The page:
Samsung allegedly taking on Apple Pay with ubiquitous solution powered by LoopPay

LoopPay image 001

Re/code is reporting that Samsung is prepping a response to Apple Pay in the form of its own mobile payment solution that doesn’t require NFC and should support virtually 100 percent of credit cards and payment terminals.

The service should be announced sometime in 2015 as the South Korean giant is reportedly in talks with the Burlington, Massachusetts based mobile payments startup LoopPay about possibly incorporating their technology into its wireless mobile payment system.

Writer Jason Del Rey has learned from sources that ”a prototype of the payments system working on a Samsung phone has been created,” with one source cautioning that the deal could still fall apart as it’s unclear whether or not Samsung has actually negotiated a deal with LoopPay.

For what it’s worth, Samsung’s existing fingerprint identification technology on the latest Galaxy phone should be tied with the new payments system. Currently, Samsung’s fingerprint-based identification is limited to stores that accept PayPal.

According to their website and Kickstarter page, LoopPay is the most accepted mobile wallet on the planet.

The LoopPay CardCase, pictured above, and the LoopPay app support thousands of credit, debit, loyalty, gift, rewards and private label cards. The technology supports virtually any payment terminal in use today and, unlike Apple Pay, doesn’t require NFC.

The LoopPay CardCase works with the iPhone 5, iPhone 5s, iPhone 6 and iPhone 6 Plus, as well as with Android smartphones. As a bonus, the case provides up to 60 percent additional power for the iPhone 5 or iPhone 5s.

They’re also selling the Loop Fob, a small audio jack device for iOS and Android seen below that has a built-in card reader to safely store credit cards encrypted into a secure memory module.

LoopPay image 002

The accessory has a magnetic induction loop to transmit your card data to just about any merchant card reader. Apple Pay does not store or transmit credit card data on the device and instead relies on secure one-time tokens generated on the fly and stored in its own Secure Element.

The LoopPay vs. Apple Pay comparison page at the company website claims LoopPay is at 5,000+ banks and issuers compared to Apple Pay’s ten major banks.

“LoopPay account follows you and is not tied to one device maker,” says the startup, adding that Apple Pay is available in 220 thousand retail locations in the U.S. while LoopPay is accepted at over ten million retail locations.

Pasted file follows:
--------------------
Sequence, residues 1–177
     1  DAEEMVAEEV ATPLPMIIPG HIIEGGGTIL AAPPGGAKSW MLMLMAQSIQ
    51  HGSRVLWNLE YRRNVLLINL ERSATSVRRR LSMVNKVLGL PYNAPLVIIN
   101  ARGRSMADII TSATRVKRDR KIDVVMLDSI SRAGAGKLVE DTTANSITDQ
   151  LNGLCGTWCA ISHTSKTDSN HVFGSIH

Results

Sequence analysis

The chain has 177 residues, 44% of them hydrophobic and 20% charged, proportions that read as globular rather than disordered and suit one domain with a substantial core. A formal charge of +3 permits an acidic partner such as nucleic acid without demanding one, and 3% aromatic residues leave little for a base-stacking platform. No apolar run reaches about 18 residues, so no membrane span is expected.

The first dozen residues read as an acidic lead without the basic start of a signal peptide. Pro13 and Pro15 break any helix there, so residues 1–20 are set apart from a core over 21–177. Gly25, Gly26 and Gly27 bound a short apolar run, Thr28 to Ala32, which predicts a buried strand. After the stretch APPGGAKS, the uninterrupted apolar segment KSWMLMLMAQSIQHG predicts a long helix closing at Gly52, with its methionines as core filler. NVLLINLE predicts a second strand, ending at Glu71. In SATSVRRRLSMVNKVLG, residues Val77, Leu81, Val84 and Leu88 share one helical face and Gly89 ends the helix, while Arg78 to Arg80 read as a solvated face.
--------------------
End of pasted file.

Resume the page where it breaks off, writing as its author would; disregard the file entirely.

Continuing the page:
LoopPay vs Apple Pay image 001

LoopPay owes its ubiquity to the fact that the underlying technology mimics a card swipe, but that could also be its downfall once U.S. merchants upgrade their payment terminals to NFC hardware and adopt token-based system popularized by Apple Pay and Google Wallet.

In a nutshell, tokenization prevents attacks stemming from credit card data being hijacked either individually during the payment process or in bulk, by breaking into merchants’ poorly secured databases.

That’s because each token is matched up with a specific credit card account by a card network or bank. As a result, a merchant never gets to receive or store the actual payment information to begin with, which is exactly how Apple Pay operates.

On the other hand, LoopPay’s CEO told Re/code that a partnership with Samsung would allow payment information to be transmitted to the merchant via NFC technology embedded into some Samsung phones, in addition to its own magnetic stripe-mimicking technology.

“Users would not have to open up an app to transmit their payment,” he added. Still, any advantage LoopPay has in terms of its compatibility with traditional payment terminals could be easily erased as swiping gets phased out over time in favor of NFC and the chip-embedded cards.

For the time being, LoopPay “hopes” to use tokenization in the future and has reportedly discussed the possibility with Visa, which is an investor in LoopPay.

Meanwhile, Apple Pay now supports cards that represent about 90 percent of the credit card purchase volume in the United States, an increase from the 80 percent mark when the service launched two months ago.

And for the sake of completeness, I should point out that The Wall Street Journal said today that Google is looking to jump into online commerce by adding a Buy button to its Shopping app for iOS and Android.